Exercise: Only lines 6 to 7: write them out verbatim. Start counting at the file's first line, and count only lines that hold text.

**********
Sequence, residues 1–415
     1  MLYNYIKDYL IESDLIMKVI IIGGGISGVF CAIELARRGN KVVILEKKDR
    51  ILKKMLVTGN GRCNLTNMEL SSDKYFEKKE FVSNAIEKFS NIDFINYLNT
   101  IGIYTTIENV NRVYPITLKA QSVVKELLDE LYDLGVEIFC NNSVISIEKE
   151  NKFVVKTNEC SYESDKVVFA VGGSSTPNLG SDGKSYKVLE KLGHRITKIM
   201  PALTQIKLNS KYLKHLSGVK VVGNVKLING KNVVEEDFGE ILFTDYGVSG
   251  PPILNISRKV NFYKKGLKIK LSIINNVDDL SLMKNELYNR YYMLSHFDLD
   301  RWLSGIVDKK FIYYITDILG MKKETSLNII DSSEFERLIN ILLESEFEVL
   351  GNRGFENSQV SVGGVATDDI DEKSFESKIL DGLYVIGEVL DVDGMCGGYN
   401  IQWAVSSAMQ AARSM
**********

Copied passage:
   201  PALTQIKLNS KYLKHLSGVK VVGNVKLING KNVVEEDFGE ILFTDYGVSG
   251  PPILNISRKV NFYKKGLKIK LSIINNVDDL SLMKNELYNR YYMLSHFDLD